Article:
This weekend was a sobering reminder that the work of a church leader doesn’t exist in the isolation of a Sunday morning service or even the context of the local community. In the light of the violence in Charlottesville, Virginia, pastors should speak clearly and wisely with their parishes. Obviously, rhetoric alone is not enough—Christian communities will declare what they believe by their actions in the wake of this moment—but we have the pastoral responsibility to speak the truth in love and help those we serve to know how best to respond.
It’s a challenging moment and a moment that no pastor ought to face alone. Fortunately, there are helpful resources and responses from across the church. We will continue to update this throughout the week and encourage you to share your own response—tweet @KolbyKerr or email firstname.lastname@example.org.
Background and Context:
- The Gospel Coalition provides an FAQ for Christians trying to identify and understand the “Alt-Right.”
- Kevin DeYoung of The Gospel Coalition created a list of Ten Reasons Racism is Offensive to God (from June 2015).
- The Presbytery of the Mississippi Valley (PCA) wrote a theologically and biblically thorough letter on racism and the gospel for its churches last year. A deep dive with lots of action steps and resources.
- Ed Stetzer, Executive Director of the Billy Graham Center, wrote a guide for pastors in responding to Charlottesville for Christianity Today.
- ACNA Archbishop The Most Rev. Dr. Foley Beach, Bishop of the Diocese of the Mid-Atlantic John Guernsey, and the Anglican Multiethnic Network all give their statements.
- Greg Goebel of Anglican Pastor shares his thoughts.
- A stirring response written by Christine Hoover, from Charlottesville, VA.
- Drawing from Spurgeon, a call to mourn and lament a domestic sorrow and national woe, from Abdu Murray of Ravi Zacharias International Ministries.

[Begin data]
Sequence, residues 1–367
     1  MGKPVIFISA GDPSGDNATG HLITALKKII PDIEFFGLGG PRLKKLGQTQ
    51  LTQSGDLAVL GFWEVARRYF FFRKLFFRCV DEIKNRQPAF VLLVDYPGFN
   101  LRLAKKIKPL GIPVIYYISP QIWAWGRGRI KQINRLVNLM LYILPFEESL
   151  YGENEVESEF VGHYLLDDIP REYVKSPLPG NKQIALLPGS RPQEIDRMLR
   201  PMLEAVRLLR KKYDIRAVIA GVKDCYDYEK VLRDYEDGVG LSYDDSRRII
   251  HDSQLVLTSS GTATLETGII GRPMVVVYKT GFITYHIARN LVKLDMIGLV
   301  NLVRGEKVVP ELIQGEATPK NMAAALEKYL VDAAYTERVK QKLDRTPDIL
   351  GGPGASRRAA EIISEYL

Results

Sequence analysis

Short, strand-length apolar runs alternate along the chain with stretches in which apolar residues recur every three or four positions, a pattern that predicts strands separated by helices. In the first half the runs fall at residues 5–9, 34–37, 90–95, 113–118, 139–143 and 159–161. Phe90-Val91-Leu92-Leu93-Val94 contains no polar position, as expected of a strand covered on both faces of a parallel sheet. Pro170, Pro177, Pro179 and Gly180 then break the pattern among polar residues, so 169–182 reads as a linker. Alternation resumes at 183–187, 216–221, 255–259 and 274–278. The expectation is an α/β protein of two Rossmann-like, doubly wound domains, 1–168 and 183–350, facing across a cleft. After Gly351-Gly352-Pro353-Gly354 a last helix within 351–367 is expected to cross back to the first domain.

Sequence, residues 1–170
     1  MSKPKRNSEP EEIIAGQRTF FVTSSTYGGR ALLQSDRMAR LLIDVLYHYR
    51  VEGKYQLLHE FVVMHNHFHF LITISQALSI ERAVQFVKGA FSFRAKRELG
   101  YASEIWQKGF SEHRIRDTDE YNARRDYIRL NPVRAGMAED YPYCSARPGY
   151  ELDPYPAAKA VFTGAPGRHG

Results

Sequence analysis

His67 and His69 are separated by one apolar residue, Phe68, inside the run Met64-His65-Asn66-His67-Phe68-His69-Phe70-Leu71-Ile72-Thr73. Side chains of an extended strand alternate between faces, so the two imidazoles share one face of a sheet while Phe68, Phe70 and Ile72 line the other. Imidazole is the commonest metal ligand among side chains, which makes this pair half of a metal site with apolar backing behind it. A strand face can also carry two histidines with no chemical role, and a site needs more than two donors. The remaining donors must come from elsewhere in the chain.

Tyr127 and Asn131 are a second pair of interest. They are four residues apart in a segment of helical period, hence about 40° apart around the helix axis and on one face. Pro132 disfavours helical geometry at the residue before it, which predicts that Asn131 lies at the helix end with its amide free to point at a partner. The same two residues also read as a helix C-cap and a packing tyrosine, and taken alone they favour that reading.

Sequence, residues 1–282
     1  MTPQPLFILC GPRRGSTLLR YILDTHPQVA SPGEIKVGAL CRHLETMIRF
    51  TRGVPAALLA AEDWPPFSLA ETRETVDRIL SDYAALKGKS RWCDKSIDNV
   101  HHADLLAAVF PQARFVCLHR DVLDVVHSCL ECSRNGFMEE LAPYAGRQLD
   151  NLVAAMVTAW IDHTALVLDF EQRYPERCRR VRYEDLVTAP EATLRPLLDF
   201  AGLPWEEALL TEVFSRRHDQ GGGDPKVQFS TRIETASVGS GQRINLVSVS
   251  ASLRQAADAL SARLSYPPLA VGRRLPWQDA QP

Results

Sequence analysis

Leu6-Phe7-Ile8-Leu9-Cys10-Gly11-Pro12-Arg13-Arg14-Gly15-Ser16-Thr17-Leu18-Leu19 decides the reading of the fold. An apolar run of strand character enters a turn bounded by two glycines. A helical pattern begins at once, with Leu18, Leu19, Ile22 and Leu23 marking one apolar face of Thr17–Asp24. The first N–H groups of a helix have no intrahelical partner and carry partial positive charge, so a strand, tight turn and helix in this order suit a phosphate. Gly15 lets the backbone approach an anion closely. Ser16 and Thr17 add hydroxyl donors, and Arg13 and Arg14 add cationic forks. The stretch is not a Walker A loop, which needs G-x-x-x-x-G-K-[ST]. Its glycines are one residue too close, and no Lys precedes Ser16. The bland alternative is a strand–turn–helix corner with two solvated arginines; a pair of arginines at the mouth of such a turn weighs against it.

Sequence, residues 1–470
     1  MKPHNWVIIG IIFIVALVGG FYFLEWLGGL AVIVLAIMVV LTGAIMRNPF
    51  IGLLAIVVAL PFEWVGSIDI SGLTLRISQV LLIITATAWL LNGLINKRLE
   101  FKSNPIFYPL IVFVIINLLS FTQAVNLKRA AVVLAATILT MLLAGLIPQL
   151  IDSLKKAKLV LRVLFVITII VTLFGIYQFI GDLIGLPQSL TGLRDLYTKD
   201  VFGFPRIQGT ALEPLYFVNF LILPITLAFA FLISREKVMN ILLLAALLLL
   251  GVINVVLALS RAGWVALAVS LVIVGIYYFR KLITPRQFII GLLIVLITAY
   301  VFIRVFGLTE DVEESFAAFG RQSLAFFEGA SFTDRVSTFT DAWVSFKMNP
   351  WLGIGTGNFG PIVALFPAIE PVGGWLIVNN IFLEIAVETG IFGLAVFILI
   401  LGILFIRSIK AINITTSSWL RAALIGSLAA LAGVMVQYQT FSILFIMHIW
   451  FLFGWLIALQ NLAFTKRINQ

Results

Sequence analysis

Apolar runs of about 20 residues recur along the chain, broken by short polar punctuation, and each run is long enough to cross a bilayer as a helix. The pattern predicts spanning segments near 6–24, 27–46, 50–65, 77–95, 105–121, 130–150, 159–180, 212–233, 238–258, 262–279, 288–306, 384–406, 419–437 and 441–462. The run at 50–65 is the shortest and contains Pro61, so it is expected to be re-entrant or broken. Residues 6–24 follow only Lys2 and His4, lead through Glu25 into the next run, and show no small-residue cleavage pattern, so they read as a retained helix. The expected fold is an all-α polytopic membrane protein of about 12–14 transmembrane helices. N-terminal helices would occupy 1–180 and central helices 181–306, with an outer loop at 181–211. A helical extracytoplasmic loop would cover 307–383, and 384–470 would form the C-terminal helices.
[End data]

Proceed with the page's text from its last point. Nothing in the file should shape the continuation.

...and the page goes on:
- Russell Moore writes for the Washington Post on what angers Jesus and what should anger his church.
- Relevant magazine collects tweeted responses from Christian leaders.
- UPDATE: Rev. David Trautman of Trinity Anglican Church in Thomasville, Georgia, reflects on two 20th century saints who provide perspective for our days.
- Rich Villodas of Missio Alliance created a congregational prayer for churches in response to Charlottesville, with a beautiful refrain: Oh Lord, only you can make all things new.
As for me, I did not re-write my sermon on Matthew 14:22-33, but I did take a moment at the beginning to address the events. Here are my words for Restoration Anglican Church:
“After spending the past couple of days being bombarded with images from Charlottesville, I just want to speak plainly for a moment.
And really, it’s just a call for all of us to speak plainly. Because we shouldn’t be silent and hope that somehow everyone knows how we stand. We don’t have to delve into Twitter battles, and we don’t have to puff ourselves up with moral superiority, but we must bear witness to the way of Jesus in the face of evil.
We’ve witnessed evil. This isn’t just sin, isn’t just institutional sin, these are the powers and principalities that Paul speaks of. The idolatry of nationalism, the idolatry of racial identity—these things are not merely un-Christian, these are enemies of the mission of the gospel in the world. I hope that you are able to make that clear to your your non-believing friends. Because we are citizens of the kingdom of heaven, and in him there is neither Jew nor Greek, neither slave nor free.
As we are reading this passage this morning and allowing it to speak to our hearts and speak to where we are in our own lives, I pray that we wouldn’t divorce those lessons from their political and communal implications. Because we are called to respond to evil when we see it loose in the world, just as we must respond to it when we see it loose in our own hearts.”